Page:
A Durbanville councillor wants the City to identify a building where growing numbers of homeless can shelter and get help, but the curator of an art gallery harassed by vagrants says it’s a bad idea.
Ward 112 councillor Theresa Uys tabled the motion at last week’s Sub-council 7 meeting. She said the sub-council had identified an urgent need for a street people programme.
Ms Uys said there were growing complaints about homeless people, who were were being pushed into the CBD from neighbourhoods with special ratings areas, and City law enforcement and social services couldn’t cope with the influx.
“The CBD has seen an alarming increase in the number of homeless people in the CBD over the last three months. With an increased number of complaints from the business sector,” she said.
Ms Uys said there were daily complaints about homeless people displaying aggressive and anti-social behaviour. And businesses along Wellington Street were taking the brunt.
She said Valmary Park as well as Goedemoed, Plein and New streets, were hot spots for drunken behaviour, open fires, bin scratching, intimidation of children at the skate park, public urinating and defecating, illegal trading and over-nighting.
Ms Uys said she envisioned a project similar to the Safe Space run by Mould Empower Serve (MES) in Bellville.
Northern News reported previously on problems that Durbanville’s Rust-en-Vrede Gallery had encountered with homeless people. At the time, the gallery’s Donavan Mynhardt said they had had to clear beer bottles, wine boxes and human waste from the premises daily (“Heritage square sculptures vandalised,” Northern News, November 9 2017).
Mr Mynhardt said at the time that vagrants had intimidated and harassed female gallery staff and visitors as well as the elderly, and the gallery had had to lock the front gate at 4pm and advise visitors to park at the back entrance.
Gallery curator Hamlin Jansen van Vuuren told Northern News last week that the situation had deteriorated further since then, and they now had a full-time security guard during the day.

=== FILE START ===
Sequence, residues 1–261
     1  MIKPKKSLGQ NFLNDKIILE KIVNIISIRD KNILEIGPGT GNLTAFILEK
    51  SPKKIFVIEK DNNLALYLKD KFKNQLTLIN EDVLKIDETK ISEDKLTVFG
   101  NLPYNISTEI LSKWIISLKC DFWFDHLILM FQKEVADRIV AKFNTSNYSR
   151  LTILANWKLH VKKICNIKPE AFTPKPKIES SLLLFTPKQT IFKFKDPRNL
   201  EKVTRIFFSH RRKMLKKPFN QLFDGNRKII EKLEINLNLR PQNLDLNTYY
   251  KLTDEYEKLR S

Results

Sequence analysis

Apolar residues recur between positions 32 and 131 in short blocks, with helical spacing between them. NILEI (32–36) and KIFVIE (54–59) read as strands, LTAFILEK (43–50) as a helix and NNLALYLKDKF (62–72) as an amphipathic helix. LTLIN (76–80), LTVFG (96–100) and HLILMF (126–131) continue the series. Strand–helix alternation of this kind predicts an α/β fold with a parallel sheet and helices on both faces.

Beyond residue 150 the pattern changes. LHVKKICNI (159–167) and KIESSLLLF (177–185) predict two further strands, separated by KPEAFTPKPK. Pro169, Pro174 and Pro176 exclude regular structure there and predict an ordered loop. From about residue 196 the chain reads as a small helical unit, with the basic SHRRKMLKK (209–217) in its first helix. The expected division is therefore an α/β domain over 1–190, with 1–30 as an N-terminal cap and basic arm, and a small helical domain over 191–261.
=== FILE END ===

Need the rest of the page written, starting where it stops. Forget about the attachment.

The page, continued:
A growing number of young vagrants, she said, had now taken over the area around the gallery, and an elderly couple had been mugged – losing a purse, wallet and cellphone – as they left the gallery last week.
“We see new faces being added daily, and they are very aggressive and prey on the weak and elderly,” she said.
Ms Jansen van Vuuren believes Ms Uys’s call for a homeless help centre will only make things worse.
“The more comfortable it becomes for these vagrants to stay around the Durbanville area, the more they will flock to our town. There are already shelters in place, but you have to be sober to be able to gain entrance. Our local vagrants prefer the freedom of the streets, where KFC, tents, sleeping bags, blankets, clothes and cash get delivered to them on the sidewalk,” she said.
Ms Jansen van Vuuren believes establishing a help centre will be a futile exercise – at the taxpayer’s expense – and will stand empty if vagrants have to be sober to get in.
“The problem with the vagrants is that they do not want to be rehabilitated. They all have an alcohol and drug problem with ample funding from ‘concerned’ citizens.
“Most of the regular faces that we’ve gotten to know over the years have had many job offers and opportunities presented to them. They are simply not interested,” she said.
MES branch manager Lilly Franks said there were mixed feelings among residents about having a specific building, with some echoing Ms Jansen van Vuuren’s sentiment that it would only attract more homeless to the area.
MES is part of the Durbanville Community Kitchen which uses a voucher system, through which homeless people can buy a meal and have access so social work services.
Ms Franks said they had seen a decrease in numbers since they switched from giving the free soup to working on the voucher system, but encouraged residents to continue purchasing the vouchers for the homeless.
“We trust that this change has illuminated the working individuals that just came to receive a free meal. We want to encourage the community to still buy the vouchers from the various churches and to continue handing out vouchers to the homeless people instead of giving them money. This ensures that they come to the community kitchen where they can access the social work services and be assessed,” she said.
Last year, Northern News spoke to Eugene Andrews, who had been living on the streets for about five years.
He said he often got food from passing motorists and from residents who left food on the bin, while Jason Claasen, who had been on the streets for 10 years, said he made a living off the things residents threw away.
Area north Mayco member Suzette Little said the City’s Street People Reintegration Unit had reported 20 chronic vagrants in the area, along with others who were day strollers and job seekers.
She said they responded to frequent complaints in Durbanville, offering social support – such as helping the homeless access shelter, IDs, job programmes and reuniting them with their families – while law enforcement acted against by-law breakers and removed illegal structures.
Durbanville police did not respond to questions by deadline.